Librarian Mary Ellen of the Dayton, Ohio Metro Library raves of the book: “Here’s the book you need if you are planning on having a St. Patrick’s Day party the way the Irish would!”
Danny Boy: The Legend of the Beloved Irish Ballad
by Malachy McCourt
(Hardcover, 141 pages, 2002, $19.00)
Everyone can hum “Danny Boy,” the haunting Irish ballad that inevitably brings a tear to the eye. Yet for all its popularity, the most requested “Irish” song and its origins still remain an enigma.
Is it even Irish? Did the song initially grace the Irish countryside as the winsome ballad of an itinerant piper, or did it first take form as a blind musician’s bow danced across the strings of a fiddle?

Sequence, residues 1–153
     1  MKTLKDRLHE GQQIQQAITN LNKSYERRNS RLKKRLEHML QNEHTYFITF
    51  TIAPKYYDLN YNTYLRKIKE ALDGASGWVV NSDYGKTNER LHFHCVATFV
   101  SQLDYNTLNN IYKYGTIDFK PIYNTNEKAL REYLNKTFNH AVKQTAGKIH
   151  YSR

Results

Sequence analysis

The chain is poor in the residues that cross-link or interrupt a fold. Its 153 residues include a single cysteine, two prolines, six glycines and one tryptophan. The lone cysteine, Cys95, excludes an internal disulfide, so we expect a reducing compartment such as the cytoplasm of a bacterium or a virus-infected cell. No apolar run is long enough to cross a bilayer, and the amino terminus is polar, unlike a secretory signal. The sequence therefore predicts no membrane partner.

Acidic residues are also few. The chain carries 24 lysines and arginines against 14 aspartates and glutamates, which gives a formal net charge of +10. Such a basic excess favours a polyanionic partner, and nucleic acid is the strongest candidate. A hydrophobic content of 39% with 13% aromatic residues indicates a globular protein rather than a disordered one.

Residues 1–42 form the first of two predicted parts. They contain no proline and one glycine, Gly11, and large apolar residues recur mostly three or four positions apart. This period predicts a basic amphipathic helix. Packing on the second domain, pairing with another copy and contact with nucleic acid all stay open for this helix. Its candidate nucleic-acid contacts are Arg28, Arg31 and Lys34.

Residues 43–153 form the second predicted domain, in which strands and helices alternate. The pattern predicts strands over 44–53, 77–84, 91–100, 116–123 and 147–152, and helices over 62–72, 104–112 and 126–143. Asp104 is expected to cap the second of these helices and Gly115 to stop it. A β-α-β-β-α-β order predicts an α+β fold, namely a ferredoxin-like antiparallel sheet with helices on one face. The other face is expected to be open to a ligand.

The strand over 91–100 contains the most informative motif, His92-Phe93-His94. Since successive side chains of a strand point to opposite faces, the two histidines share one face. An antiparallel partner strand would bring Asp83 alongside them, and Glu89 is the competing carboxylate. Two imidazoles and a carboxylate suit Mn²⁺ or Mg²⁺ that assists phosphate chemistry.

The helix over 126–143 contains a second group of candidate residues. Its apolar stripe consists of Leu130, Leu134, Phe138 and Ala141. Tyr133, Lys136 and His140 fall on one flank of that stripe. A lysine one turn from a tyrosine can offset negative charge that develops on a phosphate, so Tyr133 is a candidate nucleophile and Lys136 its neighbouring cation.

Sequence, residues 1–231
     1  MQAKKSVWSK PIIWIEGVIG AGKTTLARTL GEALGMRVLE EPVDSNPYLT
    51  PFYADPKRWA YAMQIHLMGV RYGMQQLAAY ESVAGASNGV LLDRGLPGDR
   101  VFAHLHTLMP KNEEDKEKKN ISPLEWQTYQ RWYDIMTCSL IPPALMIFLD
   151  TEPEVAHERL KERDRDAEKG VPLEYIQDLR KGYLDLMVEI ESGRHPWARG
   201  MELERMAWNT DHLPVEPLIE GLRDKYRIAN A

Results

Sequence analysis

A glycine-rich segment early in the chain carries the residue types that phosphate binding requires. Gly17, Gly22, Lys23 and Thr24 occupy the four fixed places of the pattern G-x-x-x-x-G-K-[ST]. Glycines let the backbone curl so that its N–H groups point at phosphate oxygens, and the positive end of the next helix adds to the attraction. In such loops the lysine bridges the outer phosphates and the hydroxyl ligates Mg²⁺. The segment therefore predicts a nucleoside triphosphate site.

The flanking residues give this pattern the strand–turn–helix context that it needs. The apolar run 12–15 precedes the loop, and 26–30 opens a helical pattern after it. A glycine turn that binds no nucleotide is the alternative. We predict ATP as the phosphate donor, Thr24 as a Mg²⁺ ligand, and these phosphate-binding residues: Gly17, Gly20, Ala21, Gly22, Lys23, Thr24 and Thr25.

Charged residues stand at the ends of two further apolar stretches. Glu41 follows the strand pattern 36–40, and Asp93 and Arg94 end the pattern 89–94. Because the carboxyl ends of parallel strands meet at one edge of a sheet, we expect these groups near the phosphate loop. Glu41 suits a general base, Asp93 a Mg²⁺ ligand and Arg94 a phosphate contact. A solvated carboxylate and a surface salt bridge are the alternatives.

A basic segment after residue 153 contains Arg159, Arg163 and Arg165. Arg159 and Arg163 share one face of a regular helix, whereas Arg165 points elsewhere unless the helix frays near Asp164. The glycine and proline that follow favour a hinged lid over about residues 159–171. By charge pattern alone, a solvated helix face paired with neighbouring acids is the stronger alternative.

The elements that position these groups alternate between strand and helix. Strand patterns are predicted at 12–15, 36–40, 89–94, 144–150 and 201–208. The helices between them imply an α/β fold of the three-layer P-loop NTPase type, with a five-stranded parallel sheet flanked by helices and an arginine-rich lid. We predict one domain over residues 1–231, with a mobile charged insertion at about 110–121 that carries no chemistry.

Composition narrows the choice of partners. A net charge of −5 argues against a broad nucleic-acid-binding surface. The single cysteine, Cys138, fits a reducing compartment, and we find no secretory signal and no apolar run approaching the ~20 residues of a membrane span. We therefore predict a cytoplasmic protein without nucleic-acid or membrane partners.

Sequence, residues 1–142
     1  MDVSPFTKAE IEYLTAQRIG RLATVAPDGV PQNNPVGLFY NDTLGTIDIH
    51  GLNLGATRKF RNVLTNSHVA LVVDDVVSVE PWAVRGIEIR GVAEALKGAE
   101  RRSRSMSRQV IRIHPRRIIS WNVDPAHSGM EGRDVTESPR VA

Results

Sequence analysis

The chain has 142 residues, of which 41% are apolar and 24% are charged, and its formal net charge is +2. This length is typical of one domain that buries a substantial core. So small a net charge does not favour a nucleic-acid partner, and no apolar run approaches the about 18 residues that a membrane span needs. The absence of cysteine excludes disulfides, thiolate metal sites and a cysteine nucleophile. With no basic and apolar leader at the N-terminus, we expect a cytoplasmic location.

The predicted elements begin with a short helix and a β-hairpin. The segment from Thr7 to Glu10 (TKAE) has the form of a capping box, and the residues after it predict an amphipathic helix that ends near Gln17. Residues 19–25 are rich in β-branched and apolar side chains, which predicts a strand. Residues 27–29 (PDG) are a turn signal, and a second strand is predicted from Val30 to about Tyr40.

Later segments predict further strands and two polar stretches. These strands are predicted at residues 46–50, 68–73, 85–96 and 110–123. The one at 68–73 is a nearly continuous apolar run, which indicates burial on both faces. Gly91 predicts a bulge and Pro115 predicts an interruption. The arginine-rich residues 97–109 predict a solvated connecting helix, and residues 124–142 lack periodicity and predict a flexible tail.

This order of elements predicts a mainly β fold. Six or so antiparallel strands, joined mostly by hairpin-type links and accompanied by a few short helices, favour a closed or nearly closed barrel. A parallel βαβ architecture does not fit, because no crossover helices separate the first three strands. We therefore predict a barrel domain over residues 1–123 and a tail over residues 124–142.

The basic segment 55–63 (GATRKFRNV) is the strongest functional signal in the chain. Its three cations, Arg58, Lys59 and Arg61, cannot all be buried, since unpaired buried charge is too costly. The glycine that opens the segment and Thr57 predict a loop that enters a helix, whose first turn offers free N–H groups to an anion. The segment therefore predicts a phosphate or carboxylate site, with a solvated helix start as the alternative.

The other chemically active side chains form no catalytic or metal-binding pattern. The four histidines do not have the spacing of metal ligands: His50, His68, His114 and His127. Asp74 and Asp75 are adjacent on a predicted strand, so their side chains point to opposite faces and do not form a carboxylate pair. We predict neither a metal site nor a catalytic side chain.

Travel with best-selling author Malachy McCourt on his journey for the truth as he interviews musicologists, historians, academics, celebrities and Irish icons. Join the expedition and trace the complex evolution and enduring mystique of “Danny Boy” in an unforgettable tribute that brilliantly weaves history with folklore.
Today is the 106th anniversary of the Louisiana Purchase.
On March 10, 1804 there was a formal ceremony in St. Louis to transfer ownership of the territory from Emperor Napoleon Bonaparte of France to the United States. This territory included most of the Westward Expansion of the U.S., with the present-day Midwest, Great Plains and Western states, plus New Mexico and Louisiana.
We offer you a wide selection of publications on the Lewis and Clark Expedition from 1804-1806. Below are two of our highlights: